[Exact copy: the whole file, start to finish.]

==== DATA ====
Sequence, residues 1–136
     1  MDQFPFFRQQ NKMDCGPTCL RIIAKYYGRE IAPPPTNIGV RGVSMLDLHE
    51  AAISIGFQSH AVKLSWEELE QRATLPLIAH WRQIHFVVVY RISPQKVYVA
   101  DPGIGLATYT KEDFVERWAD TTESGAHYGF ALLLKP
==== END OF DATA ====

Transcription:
Sequence, residues 1–136
     1  MDQFPFFRQQ NKMDCGPTCL RIIAKYYGRE IAPPPTNIGV RGVSMLDLHE
    51  AAISIGFQSH AVKLSWEELE QRATLPLIAH WRQIHFVVVY RISPQKVYVA
   101  DPGIGLATYT KEDFVERWAD TTESGAHYGF ALLLKP